Scarth, Rev H M, 1865–6 Roman potters’ kiln, discovered at Shepton Mallet, November 1864, on the site of a large brewery belonging to Messrs Morris, Cox and Clarke, Proc Somerset Archaeol Natur Hist Soc 13, 1–5
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Tomber, R S, 1980 A petrological assessment of Severn Valley ware: kilns and selected distribution, Unpublished MSc, University of Southampton
Waters, P L, 1976 Romano-British pottery site at Great Buckmans Farm, Trans Worcestershire Archaeol Soc 5 (3rd ser), 63–72
Webster, P V, 1972 Severn Valley ware on Hadrian’s Wall, Archaeol Aeliana 50, 191–203 (4th ser)
Webster, P V, 1976 Severn Valley ware: a preliminary study, Trans Bristol Gloucestershire Archaeol Soc 94, 18–46
Webster, P V, 1977 Severn Valley ware on the Antonine frontier, in Roman pottery studies in Britain and beyond. Papers presented to John Gillam, July 1977 (eds J Dore & K Greene), BAR Suppl Ser 30, 163–76
A red to orange (2.5YR 6/8–5/8, 2.5YR 6/6) fabric with paler surfaces (5YR 7/6–7/8, 5YR 6/6, 2.5YR 7/8) and, when present, a characteristically grey-green (5Y 7/1) core. The fabric is susceptible to soil conditions and as a result all our samples are abraded, and soft and powdery to the touch. If well preserved one would expect the surface to be similar to that described for SVW OX 2 below. The fracture is irregular.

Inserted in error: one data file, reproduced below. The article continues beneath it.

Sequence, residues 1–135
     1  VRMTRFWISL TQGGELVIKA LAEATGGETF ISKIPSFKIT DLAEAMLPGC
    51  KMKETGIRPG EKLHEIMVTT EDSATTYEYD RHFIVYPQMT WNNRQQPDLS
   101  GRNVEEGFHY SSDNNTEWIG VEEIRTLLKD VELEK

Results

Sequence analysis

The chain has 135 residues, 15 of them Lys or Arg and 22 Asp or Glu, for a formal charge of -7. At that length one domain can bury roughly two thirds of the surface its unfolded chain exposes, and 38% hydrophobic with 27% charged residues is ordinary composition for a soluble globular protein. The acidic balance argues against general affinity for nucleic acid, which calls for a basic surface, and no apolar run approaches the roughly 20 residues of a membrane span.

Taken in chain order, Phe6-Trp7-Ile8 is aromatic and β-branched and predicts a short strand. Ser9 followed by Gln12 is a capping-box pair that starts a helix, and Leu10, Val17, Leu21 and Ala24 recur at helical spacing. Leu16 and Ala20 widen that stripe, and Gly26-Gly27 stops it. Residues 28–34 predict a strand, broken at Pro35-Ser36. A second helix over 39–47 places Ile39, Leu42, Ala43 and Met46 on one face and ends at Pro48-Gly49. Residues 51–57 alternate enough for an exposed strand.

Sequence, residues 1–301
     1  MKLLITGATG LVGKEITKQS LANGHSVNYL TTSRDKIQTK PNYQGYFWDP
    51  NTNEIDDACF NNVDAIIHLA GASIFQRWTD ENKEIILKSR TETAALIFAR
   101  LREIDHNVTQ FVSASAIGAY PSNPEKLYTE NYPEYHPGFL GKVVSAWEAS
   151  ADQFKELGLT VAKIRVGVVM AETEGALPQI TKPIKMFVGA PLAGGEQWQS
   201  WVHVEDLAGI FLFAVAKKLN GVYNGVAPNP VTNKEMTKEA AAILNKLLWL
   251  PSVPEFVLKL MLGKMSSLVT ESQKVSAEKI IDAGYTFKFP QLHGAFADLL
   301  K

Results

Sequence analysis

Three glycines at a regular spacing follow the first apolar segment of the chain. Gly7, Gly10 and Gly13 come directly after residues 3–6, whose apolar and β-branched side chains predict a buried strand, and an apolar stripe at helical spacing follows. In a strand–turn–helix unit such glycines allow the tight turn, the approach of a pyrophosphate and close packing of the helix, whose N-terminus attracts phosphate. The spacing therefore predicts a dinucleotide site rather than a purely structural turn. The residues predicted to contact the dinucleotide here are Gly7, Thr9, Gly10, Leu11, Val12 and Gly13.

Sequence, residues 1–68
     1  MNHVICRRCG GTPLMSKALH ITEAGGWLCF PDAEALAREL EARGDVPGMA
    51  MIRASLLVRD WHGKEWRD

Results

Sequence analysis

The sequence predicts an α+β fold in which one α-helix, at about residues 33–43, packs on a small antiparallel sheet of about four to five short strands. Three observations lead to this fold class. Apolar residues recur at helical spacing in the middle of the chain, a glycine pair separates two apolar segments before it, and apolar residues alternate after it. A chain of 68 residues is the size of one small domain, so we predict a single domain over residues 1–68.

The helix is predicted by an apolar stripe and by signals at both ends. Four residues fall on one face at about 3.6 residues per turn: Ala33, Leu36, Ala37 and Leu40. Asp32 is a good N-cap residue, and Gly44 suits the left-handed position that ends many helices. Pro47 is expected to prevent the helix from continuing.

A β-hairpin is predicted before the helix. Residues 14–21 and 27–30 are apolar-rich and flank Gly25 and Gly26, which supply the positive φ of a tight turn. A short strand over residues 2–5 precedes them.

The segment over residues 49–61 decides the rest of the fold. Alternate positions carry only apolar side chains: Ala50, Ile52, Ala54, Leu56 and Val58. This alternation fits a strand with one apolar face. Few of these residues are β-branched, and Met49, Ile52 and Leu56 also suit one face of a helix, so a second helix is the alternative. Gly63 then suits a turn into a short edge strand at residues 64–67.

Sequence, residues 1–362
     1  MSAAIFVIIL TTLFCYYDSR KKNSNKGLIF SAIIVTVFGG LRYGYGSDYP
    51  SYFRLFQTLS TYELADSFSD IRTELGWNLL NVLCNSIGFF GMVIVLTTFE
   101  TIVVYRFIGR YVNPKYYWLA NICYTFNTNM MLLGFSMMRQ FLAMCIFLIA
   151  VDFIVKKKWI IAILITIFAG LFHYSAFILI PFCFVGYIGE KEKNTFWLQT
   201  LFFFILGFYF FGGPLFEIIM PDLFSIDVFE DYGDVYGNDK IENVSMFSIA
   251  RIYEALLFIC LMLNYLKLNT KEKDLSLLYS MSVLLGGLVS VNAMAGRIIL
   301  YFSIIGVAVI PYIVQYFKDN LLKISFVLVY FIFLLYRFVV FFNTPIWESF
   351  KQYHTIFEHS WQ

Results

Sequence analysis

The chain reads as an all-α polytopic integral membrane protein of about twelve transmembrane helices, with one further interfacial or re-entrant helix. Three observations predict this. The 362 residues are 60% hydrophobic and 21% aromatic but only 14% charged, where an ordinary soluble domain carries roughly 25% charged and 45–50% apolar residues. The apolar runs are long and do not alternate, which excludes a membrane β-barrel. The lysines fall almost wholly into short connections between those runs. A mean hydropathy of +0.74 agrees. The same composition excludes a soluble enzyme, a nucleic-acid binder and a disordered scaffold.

The fabric has a fine silty clay matrix, containing sparse fine silver (occasionally gold) mica, which is sometimes vesicular from poor wedging. Diverse ill-sorted inclusions are normally sparse and measure c <0.5mm; although they occur up to 3.0mm typically they are <1.0mm. Amongst these inclusions are red and white clay pellets (to 1.5mm), black or brown fine-grained rock inclusions (to 1.0mm) and unidentified soft white inclusions, not reacting to hydrochloric acid and possibly decayed feldspar. In rare samples quartz is common, while some also have black iron-rich inclusions.